NIH Begins Clinical Trial on Drug to Treat Opioid Cravings
The National Institutes of Health has begun a clinical trial on a drug designed to treat cravings associated with opioid use disorder.
There are a handful of drugs already on the market that are commonly used to treat OUD such as methadone, buprenorphine and naltrexone. But these are either synthetic opioids or have little impact on cravings specifically. The new drug, if successful, will focus on targeting the cravings felt by some patients who have OUD – and hopefully help them maintain sobriety.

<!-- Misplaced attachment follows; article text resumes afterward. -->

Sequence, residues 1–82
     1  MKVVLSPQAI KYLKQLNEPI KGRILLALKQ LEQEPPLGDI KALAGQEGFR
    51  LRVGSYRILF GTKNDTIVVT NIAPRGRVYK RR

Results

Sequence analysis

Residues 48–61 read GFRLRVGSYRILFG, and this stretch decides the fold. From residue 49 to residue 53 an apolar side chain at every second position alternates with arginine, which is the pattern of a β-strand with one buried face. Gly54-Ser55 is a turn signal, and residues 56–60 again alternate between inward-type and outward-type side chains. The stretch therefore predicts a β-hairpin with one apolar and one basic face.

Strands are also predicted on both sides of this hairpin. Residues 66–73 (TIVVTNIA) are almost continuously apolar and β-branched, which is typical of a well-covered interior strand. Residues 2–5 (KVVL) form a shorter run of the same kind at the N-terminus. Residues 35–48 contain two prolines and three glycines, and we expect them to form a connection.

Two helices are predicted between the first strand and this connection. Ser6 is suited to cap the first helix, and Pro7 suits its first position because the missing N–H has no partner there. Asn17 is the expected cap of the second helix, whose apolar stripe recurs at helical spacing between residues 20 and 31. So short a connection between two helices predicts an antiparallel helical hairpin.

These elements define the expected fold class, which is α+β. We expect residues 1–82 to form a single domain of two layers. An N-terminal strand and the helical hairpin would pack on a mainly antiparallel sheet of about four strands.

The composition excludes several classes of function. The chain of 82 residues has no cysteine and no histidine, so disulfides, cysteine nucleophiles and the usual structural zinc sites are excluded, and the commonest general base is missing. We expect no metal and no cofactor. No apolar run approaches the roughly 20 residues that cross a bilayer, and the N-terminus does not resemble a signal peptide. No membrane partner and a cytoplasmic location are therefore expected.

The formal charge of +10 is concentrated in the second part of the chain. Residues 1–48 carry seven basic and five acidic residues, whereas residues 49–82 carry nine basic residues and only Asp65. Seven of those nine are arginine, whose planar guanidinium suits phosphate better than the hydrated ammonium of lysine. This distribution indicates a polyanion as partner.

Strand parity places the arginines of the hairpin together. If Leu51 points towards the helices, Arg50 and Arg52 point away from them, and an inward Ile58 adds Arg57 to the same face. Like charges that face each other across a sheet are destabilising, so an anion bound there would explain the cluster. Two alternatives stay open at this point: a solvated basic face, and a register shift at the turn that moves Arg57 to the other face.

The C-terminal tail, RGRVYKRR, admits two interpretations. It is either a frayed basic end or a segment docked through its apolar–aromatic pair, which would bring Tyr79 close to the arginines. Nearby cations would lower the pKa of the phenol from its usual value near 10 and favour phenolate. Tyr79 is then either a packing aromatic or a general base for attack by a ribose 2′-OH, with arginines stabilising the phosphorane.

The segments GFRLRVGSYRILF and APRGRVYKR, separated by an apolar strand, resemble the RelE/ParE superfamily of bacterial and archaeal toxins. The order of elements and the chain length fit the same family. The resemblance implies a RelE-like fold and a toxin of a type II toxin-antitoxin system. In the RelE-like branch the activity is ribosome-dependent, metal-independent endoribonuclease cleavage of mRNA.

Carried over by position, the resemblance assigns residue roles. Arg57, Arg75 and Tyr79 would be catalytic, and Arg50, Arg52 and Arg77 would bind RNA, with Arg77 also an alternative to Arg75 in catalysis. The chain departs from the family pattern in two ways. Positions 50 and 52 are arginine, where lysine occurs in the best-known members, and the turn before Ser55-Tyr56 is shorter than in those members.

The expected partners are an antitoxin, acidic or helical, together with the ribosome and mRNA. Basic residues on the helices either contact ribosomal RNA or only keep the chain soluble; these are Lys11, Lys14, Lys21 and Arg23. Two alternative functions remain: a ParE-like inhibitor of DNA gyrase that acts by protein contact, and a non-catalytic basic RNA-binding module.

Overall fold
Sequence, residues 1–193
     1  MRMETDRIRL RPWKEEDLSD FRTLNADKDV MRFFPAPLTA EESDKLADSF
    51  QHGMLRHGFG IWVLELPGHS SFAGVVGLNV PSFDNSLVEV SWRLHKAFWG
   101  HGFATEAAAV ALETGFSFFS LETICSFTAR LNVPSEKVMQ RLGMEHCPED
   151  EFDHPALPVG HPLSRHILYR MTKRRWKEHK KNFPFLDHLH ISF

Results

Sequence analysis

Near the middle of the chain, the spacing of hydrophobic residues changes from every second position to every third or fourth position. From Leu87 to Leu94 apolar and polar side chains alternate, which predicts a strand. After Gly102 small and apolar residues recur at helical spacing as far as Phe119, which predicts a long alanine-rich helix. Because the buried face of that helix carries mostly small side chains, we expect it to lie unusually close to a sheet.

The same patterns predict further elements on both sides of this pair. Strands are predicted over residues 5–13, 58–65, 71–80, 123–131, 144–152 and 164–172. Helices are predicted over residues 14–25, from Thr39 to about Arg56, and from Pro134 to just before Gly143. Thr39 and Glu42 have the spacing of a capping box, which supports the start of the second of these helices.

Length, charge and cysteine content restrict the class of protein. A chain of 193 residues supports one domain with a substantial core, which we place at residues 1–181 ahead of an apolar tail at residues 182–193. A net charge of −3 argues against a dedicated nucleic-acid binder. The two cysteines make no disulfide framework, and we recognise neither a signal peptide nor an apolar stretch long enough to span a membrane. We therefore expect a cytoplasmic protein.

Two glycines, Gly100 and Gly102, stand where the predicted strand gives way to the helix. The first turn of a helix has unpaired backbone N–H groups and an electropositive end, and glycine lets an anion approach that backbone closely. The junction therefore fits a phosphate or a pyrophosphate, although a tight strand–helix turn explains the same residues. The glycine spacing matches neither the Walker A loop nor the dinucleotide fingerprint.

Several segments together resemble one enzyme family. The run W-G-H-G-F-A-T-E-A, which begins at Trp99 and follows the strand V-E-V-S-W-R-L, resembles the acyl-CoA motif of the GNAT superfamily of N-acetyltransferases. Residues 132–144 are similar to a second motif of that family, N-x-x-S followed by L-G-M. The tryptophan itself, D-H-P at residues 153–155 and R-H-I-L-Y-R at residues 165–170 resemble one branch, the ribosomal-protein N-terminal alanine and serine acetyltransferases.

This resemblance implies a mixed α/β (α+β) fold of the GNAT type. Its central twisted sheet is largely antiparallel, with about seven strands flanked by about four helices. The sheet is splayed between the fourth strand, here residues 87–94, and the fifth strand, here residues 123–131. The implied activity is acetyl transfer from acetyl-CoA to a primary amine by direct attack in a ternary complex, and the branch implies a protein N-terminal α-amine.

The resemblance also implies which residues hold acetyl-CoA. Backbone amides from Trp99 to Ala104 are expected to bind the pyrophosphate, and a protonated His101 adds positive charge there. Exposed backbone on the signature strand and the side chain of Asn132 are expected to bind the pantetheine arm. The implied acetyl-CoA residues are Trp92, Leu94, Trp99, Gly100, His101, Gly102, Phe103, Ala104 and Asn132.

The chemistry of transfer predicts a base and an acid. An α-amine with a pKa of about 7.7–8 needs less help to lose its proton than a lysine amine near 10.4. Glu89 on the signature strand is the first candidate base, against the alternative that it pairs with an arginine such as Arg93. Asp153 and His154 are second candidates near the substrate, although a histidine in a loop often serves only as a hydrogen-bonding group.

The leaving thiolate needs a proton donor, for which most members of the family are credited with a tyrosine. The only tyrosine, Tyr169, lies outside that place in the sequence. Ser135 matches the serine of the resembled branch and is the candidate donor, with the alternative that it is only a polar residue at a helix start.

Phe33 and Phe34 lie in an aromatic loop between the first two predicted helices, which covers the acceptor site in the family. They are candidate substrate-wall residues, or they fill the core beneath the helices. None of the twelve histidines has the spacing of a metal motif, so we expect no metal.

Researchers will examine how the new drug is processed by the body when used together with another drug that is processed by the same pathways. The idea is to see how the new drug would respond if a physician were to use it in conjunction with other medications like naltrexone, or if a physician were treating cravings for opioid use disorder while also treating the patient for a related disease like HIV.
The study will enroll 50 healthy adults aged 18 through 65 years. Participants will stay in the Clinical Center in Bethesda, Maryland, for 10 days and return for a final outpatient visit after one week.
Appalachia Health News is a project of West Virginia Public Broadcasting, with support from Marshall Health and Charleston Area Medical Center.